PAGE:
DRUM FACE Volume 2 - Zutty Singleton
This album picks up Zutty on his first recordings with Charlie Creath. This was an important time for Zutty for more than musical reasons as he met and married Charlie's sister during his stint with the band!
This is the great jazz drummer Zutty Singleton - His Life in Jazz Volume 2, this time featuring Fats Waller and Omer Simeon. See track listing for full details.
Volume 1 is on JCCD3114.
Zutty Singleton drums on all tracks
Conversation with Louis Armstrong track 6
Moppin' and Boppin' - Fats Waller and his Rhythm
Ain't Misbehavin' - as above
Jungle Drums - Sidney Bechet and his Orchestra
Duces Wild - Three Duces Trio with Pee Wee Russell
Clambake in Bb - Capitol Jazzmen
That's a Plenty - Orson Wells Radio Program featuring Mutt Carey and Kid Ory
Crawfish Blues - Zutty's Creole Band
China Boy - Lamplighter Jazz Combo
Where the Blues was Born in New Orleans - Movie Soundtrack featuring Louis Armstrong
Washington and Lee Swing - Nappy Lemare and his Levee Loungers
Aunt Hagar's Children - Omer Simeon Trio
St James Imfirmary - as above
Sweet Georgia Brown - Tony Parente Trio Live at Jimmy Ryan's
At Sundown - Clarinet Kings
I've Found a New Baby - Tony Parente's Deans of Dixieland
Chinatown - Clarinet Kings
Bourbon Street Parade featuring Bob Greene and Van Perry
Reviews of This Recording
Boxell’s Jazz Website—New Zealand
Zutty Singleton - the name conjures up the image of jazz’s all time great drummer standing as a giant in his field standing way above his contemporaries. This man’s career started 1915 and didn’t end until the early 70s. You name the classic jazz band or famous name, black or white, and at sometime you can bet Zutty played with them. These CDs cover his recording sessions 1927-69 (though apparently his first recording was with Fate Marabel in 1924). As you can imagine the style of jazz played covers the spectrum from purist New Orleans to mainstream. He also recorded with bee-bop players, but we are spared that. Reading the covers tells you that the other jazzmen on the CDs are basically a Who's Who of American traditional jazz from the classic periods.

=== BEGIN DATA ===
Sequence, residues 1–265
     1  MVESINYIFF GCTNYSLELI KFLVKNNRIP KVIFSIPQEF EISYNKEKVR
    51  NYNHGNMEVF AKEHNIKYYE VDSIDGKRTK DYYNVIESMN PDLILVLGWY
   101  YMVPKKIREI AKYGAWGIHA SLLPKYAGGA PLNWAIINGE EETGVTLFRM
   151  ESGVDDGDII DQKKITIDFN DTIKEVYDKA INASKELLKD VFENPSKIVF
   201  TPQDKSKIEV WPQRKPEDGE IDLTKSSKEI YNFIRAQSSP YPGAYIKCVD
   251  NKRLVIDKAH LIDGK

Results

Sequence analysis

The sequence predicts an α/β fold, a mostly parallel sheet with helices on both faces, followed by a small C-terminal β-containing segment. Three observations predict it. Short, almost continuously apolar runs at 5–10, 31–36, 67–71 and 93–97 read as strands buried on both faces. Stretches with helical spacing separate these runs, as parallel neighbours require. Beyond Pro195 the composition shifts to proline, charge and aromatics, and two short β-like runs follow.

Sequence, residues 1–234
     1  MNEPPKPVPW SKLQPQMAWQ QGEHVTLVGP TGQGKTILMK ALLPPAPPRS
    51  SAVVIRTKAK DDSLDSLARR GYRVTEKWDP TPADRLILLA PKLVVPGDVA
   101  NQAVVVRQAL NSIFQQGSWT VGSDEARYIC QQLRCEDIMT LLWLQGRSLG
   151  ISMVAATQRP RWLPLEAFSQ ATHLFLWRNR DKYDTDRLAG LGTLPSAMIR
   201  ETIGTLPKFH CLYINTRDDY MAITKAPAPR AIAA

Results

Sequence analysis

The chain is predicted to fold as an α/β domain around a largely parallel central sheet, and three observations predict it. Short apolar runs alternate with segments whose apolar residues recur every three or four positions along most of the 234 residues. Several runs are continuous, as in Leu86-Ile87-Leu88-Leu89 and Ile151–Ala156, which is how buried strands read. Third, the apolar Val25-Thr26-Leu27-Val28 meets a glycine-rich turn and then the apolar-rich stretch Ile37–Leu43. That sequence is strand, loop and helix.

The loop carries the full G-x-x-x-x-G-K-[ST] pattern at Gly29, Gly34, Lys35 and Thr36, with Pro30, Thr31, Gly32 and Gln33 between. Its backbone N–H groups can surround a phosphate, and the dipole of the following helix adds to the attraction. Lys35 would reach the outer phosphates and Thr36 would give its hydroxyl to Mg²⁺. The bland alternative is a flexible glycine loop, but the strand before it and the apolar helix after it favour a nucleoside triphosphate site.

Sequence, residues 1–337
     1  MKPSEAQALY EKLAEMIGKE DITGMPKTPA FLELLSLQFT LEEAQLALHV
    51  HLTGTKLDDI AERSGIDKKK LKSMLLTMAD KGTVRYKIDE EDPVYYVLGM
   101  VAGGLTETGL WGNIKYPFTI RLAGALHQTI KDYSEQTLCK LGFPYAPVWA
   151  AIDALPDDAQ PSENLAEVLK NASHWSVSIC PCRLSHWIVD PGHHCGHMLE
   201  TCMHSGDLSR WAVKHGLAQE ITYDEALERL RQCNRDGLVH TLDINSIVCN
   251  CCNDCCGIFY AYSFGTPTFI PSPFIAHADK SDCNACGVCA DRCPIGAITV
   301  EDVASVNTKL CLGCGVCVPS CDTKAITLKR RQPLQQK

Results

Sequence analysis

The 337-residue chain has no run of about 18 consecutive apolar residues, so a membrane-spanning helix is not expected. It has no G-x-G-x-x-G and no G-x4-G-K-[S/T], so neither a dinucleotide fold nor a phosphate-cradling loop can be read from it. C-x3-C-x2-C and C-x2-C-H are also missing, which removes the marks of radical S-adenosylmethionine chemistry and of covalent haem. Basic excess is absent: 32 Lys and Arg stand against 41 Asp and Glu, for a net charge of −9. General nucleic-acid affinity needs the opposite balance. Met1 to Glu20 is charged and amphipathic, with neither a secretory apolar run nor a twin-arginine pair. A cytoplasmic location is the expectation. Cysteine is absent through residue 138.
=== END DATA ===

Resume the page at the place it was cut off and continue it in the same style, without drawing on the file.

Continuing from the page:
The sound quality varies from the pristine to the rather muzzy (surprisingly the worst is ‘Chinatown’ on volume 2 recorded in 1967. It is such a hot number though, you can understand its inclusion), but all shew the master at work and most feature him at some time all, though, give an indication of the man’s genius. Myself I love the early recordings, especially those with Louis Armstrong (2 of which ‘Tight Like That’ and ‘West End Blues’ have conversations between Armstrong and Zutty leading into them. Armstrong also talks with others on ‘That’s a Plenty’ though that track has Mutt Carey on trumpet. They all really sound like back stage ‘chat’ and ‘reminisce’ rather than scripted chat show material, and help give some insights into the life of these black musicians and their gradual acceptance into a white world). But can I go past ‘Aunt Hagar’s Children’ and St James Infirmary Blues’ by the Omer Simeon Trio? Such tracks are what jazz dreams are made of.
Any serious collector of jazz needs these CDs for not only are they a tribute to the man that Orson Wells called ‘the world’s greatest drummer’, but also something of a history of American traditional jazz. - Geoff Boxell